Of Conflict, Compensation And Coexistence : Living With Elephants In Bengal
How community dynamics and religious beliefs influence efficacy of a wildlife compensation programme.
Economic damage due to wildlife is a persistent issue often impacting already marginalised communities that share space with wildlife. Ex-gratia payment or as it is commonly called, ‘compensation’, is widely used to reduce the losses faced by communities and garner support for wildlife conservation outside protected areas. Most Indian states have a policy where any losses to crops, livestock, or property due to wildlife-caused damages are compensated according to state guidelines. However, the efficacy and accessibility of this intervention is rarely investigated leading to the schemes not achieving their desired outcome.
This study explored three basic questions: what are the major sources of crop loss? What proportion of people seek ex-gratia relief for wildlife-caused losses? And what are the main reasons for not claiming relief? The research team, comprised ecologists Aritra Kshettry, an INSPIRE Fellow with the Ministry of Science and Technology affiliated to Centre for Wildlife Studies; Priyanka Das from the Coexistence Project; Dr. Vidya Athreya from Wildlife Conservation Society-India; and social scientist, Nupur Bhave, from CP Goenka International School. The research team employed transdisciplinary research methods using quantitative as well as qualitative approaches which is rarely seen in human-wildlife studies. The study was conducted in the tea-plantation and agriculture landscape of West Bengal, India. The unique landscape has a long history of shared spaces between people and elephants, also leading to economic losses, human casualties and in rare cases, elephant mortality due to retaliation. The study found that villages within 1.5 kilometres of the forest are more likely to face crop damage due to elephants predominantly, and also by other species such as wild pigs, monkeys, and peacocks. Whereas, villages living further away from the forests were likely to face more crop losses due to pest infestation and less damage due to wildlife.
The study found that despite high crop losses due to elephants, a majority of the respondents (more than 50%) did not claim compensation or ex-gratia relief. It was also found that there were community level differences in claiming ex-gratia. Indigenous Rajbangshi community and Adivasis were less likely to claim relief than minority communities living in the area. The research team investigated the causes for this disparity and found that Rajbanshi and Adivasi communities revere the elephant as an incarnation of lord Shiva, ‘Mahakal’. Hence it appears that they were more likely to accept the crop losses due to elephants without claiming relief as it is a sign of blessing from Mahakal that signifies a promise of a better harvest in the next season.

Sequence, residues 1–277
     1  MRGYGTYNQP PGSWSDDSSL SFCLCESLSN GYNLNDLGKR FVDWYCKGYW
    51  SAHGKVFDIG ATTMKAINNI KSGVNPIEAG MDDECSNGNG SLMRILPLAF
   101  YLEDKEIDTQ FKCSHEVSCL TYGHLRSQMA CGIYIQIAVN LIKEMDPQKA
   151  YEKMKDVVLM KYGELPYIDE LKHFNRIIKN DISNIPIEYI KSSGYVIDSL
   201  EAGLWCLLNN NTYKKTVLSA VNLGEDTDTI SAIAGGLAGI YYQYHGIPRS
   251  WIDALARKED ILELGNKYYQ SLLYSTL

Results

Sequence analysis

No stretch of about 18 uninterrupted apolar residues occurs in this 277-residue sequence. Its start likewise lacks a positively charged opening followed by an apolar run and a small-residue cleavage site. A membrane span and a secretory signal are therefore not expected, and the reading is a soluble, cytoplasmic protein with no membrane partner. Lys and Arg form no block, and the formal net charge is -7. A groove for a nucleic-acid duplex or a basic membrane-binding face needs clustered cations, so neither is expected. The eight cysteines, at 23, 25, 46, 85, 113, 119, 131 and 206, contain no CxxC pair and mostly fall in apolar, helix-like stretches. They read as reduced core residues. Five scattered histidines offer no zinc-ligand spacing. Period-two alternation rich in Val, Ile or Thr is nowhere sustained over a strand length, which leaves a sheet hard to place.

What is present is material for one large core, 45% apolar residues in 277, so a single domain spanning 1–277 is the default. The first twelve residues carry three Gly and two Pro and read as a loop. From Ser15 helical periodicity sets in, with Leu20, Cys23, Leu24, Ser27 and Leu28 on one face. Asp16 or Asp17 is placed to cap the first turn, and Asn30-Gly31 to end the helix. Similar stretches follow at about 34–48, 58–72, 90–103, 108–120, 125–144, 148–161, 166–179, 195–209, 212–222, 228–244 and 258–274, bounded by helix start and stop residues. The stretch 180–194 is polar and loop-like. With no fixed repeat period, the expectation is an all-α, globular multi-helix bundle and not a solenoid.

The researchers also investigated the reasons for not claiming relief and found out four key reasons. The first was procedural failures such as delayed compensation payment process, the paperwork involved and lack of access to information. The second reason was a negative evaluation of the process and towards the agency involved in filing and disbursement of claims. The third reason was being uninformed of the procedure of filing for ex-gratia due to lack of information, especially in villages situated further away from the forests. The fourth and most important reason listed was belief in Mahakal or the elephant God.
Aritra Kshettry, the lead author of the study and says, “Based on our findings, we recommend a simplified claims process by introducing mobile app-based claims and verification. Local non-government organisations may be involved to share information with the public regarding government ex-gratia payment schemes. This will enable more people to file claims and thereby help garner more tolerance for elephants in the landscape”. The research team also recommends being cognisant of local religious beliefs in formulating compensation policies as these could have disproportionate influence on the behaviour of people which is often not considered by conservation ecologists. The research team also calls for more independent studies on government ex-gratia and compensation programmes to test their efficacy. Research is also required to help make the compensation programmes more accessible and successful in garnering local support among people for wildlife in shared landscapes.
Link to the paper: